Hello,
I am trying to obtain Groebner bases of a system of equations. Below is my code (1) -> m : List DMP([ca,sa,x,y],FRAC POLY INT) (2) -> m := [x^2+y^2-r1^2,(x+lab*ca)^2+(y+lab*sa)^2-r2^2,(x+lac*(ca*cb-sa*sb))^2+(y+lac*(sa*cb+ca*sb))^2-r3^2,ca^2+sa^2-1] asking for groebner bases is leading to (3) -> groebner(m) (3) [1] Type: List(DistributedMultivariatePolynomial([ca,sa,x,y],Fraction(Polynomial(Integer)))) which does not make sense to me. The equations are based on a physical system and I can't see any reason that would lead to an inconsistency. Why am I getting [1] as the result? Any help or insight would be well-appreciated. Best Regards, -- View this message in context: http://nongnu.13855.n7.nabble.com/Groebner-bases-of-a-set-of-equations-tp179213.html Sent from the axiom-math mailing list archive at Nabble.com. _______________________________________________ Axiom-math mailing list [hidden email] https://lists.nongnu.org/mailman/listinfo/axiom-math |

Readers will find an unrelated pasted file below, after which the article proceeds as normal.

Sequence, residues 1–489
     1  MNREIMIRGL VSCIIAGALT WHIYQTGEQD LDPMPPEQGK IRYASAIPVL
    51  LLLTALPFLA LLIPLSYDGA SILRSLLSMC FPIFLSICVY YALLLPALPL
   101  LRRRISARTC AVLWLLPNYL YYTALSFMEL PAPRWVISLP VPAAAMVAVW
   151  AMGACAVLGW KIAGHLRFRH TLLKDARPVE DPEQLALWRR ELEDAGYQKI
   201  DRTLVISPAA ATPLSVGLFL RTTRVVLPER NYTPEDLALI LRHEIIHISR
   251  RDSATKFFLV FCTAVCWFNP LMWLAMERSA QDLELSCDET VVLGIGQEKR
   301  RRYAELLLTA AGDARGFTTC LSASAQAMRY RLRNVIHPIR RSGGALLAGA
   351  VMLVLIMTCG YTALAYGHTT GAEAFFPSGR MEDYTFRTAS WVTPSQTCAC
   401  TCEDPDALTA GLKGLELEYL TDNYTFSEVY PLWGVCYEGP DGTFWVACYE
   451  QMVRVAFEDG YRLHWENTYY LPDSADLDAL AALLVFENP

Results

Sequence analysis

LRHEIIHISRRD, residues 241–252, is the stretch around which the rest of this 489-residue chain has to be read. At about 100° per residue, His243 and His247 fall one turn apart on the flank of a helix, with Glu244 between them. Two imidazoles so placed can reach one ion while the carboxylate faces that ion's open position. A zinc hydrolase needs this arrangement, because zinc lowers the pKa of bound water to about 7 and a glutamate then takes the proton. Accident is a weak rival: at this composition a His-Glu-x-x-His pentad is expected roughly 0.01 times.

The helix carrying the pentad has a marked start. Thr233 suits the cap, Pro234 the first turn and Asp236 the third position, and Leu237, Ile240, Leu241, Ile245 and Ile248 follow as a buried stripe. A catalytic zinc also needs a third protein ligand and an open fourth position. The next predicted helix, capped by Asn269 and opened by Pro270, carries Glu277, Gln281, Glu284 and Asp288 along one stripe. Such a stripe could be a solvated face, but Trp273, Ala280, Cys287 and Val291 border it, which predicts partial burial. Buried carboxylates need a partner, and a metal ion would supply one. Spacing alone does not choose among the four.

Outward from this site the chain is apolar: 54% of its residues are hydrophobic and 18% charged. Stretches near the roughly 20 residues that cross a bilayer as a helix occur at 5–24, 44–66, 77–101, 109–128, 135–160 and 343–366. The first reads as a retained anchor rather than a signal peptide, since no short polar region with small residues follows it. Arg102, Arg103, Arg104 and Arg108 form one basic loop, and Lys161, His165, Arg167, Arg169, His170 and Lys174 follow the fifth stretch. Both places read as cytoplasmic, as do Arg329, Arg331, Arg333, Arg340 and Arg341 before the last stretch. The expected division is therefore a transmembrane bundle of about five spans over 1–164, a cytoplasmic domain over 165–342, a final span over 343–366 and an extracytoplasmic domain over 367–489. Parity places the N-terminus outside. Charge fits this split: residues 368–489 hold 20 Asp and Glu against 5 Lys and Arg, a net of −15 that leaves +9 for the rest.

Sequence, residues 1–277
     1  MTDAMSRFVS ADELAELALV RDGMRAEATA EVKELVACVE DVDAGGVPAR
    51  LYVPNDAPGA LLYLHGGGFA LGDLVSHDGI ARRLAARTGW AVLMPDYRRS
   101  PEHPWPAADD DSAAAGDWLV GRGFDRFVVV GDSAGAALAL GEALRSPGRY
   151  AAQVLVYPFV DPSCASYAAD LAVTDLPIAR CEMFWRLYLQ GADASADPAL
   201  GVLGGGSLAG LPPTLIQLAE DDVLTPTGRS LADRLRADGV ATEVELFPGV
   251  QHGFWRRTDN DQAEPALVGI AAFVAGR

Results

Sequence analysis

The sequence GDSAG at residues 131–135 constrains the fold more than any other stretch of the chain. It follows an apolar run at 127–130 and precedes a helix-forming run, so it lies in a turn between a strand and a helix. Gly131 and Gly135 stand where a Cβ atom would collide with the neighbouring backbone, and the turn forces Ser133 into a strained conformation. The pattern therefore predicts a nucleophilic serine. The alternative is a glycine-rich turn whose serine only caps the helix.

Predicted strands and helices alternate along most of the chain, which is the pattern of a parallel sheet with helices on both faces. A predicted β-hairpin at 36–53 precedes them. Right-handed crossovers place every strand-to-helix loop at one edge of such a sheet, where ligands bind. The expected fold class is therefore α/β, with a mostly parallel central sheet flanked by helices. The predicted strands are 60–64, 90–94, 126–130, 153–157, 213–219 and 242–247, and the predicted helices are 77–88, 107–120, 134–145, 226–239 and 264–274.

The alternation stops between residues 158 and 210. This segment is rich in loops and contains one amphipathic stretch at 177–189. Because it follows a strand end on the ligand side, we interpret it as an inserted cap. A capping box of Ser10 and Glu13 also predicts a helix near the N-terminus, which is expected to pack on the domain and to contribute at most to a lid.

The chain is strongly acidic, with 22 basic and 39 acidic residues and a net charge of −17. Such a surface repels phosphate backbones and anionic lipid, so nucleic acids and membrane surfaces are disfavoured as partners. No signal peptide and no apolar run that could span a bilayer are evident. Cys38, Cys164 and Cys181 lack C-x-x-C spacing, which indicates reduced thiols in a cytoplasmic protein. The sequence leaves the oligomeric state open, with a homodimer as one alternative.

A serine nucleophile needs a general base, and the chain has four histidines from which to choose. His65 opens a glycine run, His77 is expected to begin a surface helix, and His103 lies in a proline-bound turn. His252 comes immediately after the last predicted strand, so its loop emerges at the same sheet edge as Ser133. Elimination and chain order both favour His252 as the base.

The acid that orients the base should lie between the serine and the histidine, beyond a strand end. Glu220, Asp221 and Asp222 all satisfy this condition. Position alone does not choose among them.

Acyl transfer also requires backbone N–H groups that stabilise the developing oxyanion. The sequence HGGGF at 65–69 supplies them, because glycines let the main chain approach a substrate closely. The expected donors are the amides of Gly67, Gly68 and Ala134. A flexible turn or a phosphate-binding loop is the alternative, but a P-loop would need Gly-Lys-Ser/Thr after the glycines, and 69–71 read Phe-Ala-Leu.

Try a larger set of variables (generators). Other unlisted symbols
default to being parameters (from FRAC POLY INT). For example [ca,cb,sa,sb,x,y] gives a basis of 12 polynomials. See http://axiom-wiki.newsynthesis.org/SandBoxGroebnerBasis#msg20140219000533+0000@... On 18 February 2014 11:23, sahin <[hidden email]> wrote: > Hello, > > I am trying to obtain Groebner bases of a system of equations. Below is my > code > > (1) -> m : List DMP([ca,sa,x,y],FRAC POLY INT) > (2) -> m := > [x^2+y^2-r1^2,(x+lab*ca)^2+(y+lab*sa)^2-r2^2,(x+lac*(ca*cb-sa*sb))^2+(y+lac*(sa*cb+ca*sb))^2-r3^2,ca^2+sa^2-1] > > asking for groebner bases is leading to > (3) -> groebner(m) > > (3) [1] > Type: > List(DistributedMultivariatePolynomial([ca,sa,x,y],Fraction(Polynomial(Integer)))) > > which does not make sense to me. The equations are based on a physical > system and I can't see any reason that would lead to an inconsistency. Why > am I getting [1] as the result? Any help or insight would be > well-appreciated. > > Best Regards, > > > > -- > View this message in context: http://nongnu.13855.n7.nabble.com/Groebner-bases-of-a-set-of-equations-tp179213.html > Sent from the axiom-math mailing list archive at Nabble.com. > > _______________________________________________ > Axiom-math mailing list > [hidden email] > https://lists.nongnu.org/mailman/listinfo/axiom-math _______________________________________________ Axiom-math mailing list [hidden email] https://lists.nongnu.org/mailman/listinfo/axiom-math |